Sauerbrunn is always working, always leading. When Rodriguez tried to describe Sauerbrunn in one word, she came up with four.

“She’s at every practice, she’s at every training, she’s at every lifting session,” Rodriguez said. “She’s sitting in the front row of every meeting. She’s always present and she’s always focused. We expect that out of a captain.”

Sweden's Kosovare Asllani, left, and United States' Becky Sauerbrunn challenge for the ball during the Women's World Cup Group F soccer match between the United States and Sweden at the Stade Oceane in Le Havre, France, Thursday, June 20, 2019. (AP Photo/Christophe Ena)

But Sauerbrunn hasn’t always been good at what captains are usually good at. She hasn’t always been vocal or demanding. Those around her describe her as an introvert, reserved, reclusive. Sauerbrunn said she is “introverted with extroverted tendencies” along with a self-deprecating sense of humor.

But being a captain of teams throughout her career has forced her out of her comfort zone and into a headspace where she can be the leader her teammates need her to be. That doesn’t mean it’s always easy for her, though.

“For me it's about being comfortable with being uncomfortable,” Sauerbrunn said. “It's definitely something that I've had to grow into. … I think you just get used to it over time. But for me, also, it is kind of draining to have to do that.”

Sauerbrunn recharges her batteries by reading, playing video games — she likes Tomb Raider, “any iteration of Zelda” and recently started Call of Duty — hiking and taking long walks.

“A lot of it is just being by myself,” Sauerbrunn said. “But those small moments that I can kind of steal definitely help me.”

Harvey started coaching Sauerbrunn last year when many of the players from the now-defunct FC Kansas City joined the then newly created Royals. Harvey was of course familiar with Sauerbrunn and her capabilities on the field. But what threw the coach for a loop most was Sauerbrunn’s humility.

“I’ve worked a lot players at her level, and the reason why a lot of them are the way that they are is they have this persona that they know that they’re good,” Harvey said. "And I think the surprising thing to me with her was she doesn’t truly believe that about herself. You have to show her and pull it out of her.”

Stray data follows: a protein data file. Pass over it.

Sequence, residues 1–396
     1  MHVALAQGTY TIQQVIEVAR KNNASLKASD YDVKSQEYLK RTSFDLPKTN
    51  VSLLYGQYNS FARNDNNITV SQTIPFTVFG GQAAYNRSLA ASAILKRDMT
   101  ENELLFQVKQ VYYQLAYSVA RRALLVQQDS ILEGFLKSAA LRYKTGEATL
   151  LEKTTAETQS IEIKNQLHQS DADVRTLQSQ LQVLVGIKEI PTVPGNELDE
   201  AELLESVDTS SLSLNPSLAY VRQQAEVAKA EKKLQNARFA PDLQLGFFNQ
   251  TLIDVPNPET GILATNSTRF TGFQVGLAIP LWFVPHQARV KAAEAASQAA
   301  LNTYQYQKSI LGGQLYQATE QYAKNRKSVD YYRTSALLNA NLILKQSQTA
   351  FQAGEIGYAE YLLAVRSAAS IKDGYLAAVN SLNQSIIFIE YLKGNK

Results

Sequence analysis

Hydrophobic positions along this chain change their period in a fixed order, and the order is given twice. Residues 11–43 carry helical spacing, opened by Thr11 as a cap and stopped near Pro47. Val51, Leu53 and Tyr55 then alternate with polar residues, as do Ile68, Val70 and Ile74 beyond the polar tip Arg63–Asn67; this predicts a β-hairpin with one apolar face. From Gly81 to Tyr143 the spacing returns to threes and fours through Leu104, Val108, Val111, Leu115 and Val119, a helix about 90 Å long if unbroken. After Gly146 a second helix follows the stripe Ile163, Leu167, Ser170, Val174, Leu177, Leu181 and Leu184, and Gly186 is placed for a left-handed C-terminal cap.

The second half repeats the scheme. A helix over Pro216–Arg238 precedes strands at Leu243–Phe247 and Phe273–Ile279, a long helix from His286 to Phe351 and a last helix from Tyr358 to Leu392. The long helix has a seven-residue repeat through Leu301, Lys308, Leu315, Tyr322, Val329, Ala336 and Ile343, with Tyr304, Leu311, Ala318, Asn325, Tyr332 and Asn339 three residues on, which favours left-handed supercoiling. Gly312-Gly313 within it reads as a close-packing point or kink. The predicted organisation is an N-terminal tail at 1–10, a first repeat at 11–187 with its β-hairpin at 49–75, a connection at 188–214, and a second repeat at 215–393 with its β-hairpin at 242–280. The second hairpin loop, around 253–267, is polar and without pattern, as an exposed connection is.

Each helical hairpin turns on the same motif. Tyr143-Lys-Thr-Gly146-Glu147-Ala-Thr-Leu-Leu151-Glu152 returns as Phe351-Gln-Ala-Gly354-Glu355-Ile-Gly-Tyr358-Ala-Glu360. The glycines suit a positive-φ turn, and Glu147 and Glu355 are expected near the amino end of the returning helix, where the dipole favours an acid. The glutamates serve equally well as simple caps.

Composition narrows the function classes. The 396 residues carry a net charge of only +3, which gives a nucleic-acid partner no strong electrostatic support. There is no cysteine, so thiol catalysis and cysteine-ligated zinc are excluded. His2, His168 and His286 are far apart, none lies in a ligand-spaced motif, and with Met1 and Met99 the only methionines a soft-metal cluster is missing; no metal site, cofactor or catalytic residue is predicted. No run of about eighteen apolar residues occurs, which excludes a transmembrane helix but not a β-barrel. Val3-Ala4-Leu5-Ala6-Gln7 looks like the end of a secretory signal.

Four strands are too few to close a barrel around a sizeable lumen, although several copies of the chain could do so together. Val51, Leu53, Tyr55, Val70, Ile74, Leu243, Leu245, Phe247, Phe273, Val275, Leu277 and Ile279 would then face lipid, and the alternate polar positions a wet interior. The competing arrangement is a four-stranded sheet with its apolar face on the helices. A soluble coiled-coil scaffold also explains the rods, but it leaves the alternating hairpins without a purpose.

Harvey likes to show Sauerbrunn on film what she does well. But the center back constantly lobbies her coach to show her the goals she concedes, her bad passes or when’s out of position. But Harvey doesn’t do that, she said.

“I have to find all my bad clips by myself and watch them by myself,” Sauerbrunn said.

That desire to always improve her game is what makes Sauerbrunn a great player, Harvey said. And while Sauerbrunn doesn’t yet know how many more years she’ll play professional soccer, she’s still on the quest for another championship, still trying to make the next Olympic team, still challenging herself of staying ahead of the curve in an ever-changing soccer landscape.

All that comes from a deep-seated desire to stay relevant.

“I feel like the game is always changing and adapting and you also have to change and adapt to meet it,” Sauerbrunn said. “So for me it’s just like if you stay complacent, the game is just going to go by and it’s going to leave you behind. And for me, I just don’t want to be left behind.”


At Rio Tinto Stadium, Sandy

Kickoff » Saturday, 8 p.m.

Last meeting » URFC 1, North Carolina 1 (May 19, Sahlen’s Stadium)

Records » URFC 5-4-3, North Carolina 6-3-4

About North Carolina » Kristen Hamilton leads team with eight goals. … Team has won three of its last four games. … Second in the NWSL in goals scored (27) and first in goal differential (+13). … Four points behind first-place Portland.

About URFC » Team recently signed defender Gaby Vincent to a full contract. … Currently on a four-game winless streak. … Sits sixth in the league standings. … Team has scored two goals in its previous four games. … Amy Rodriguez leads team with five goals.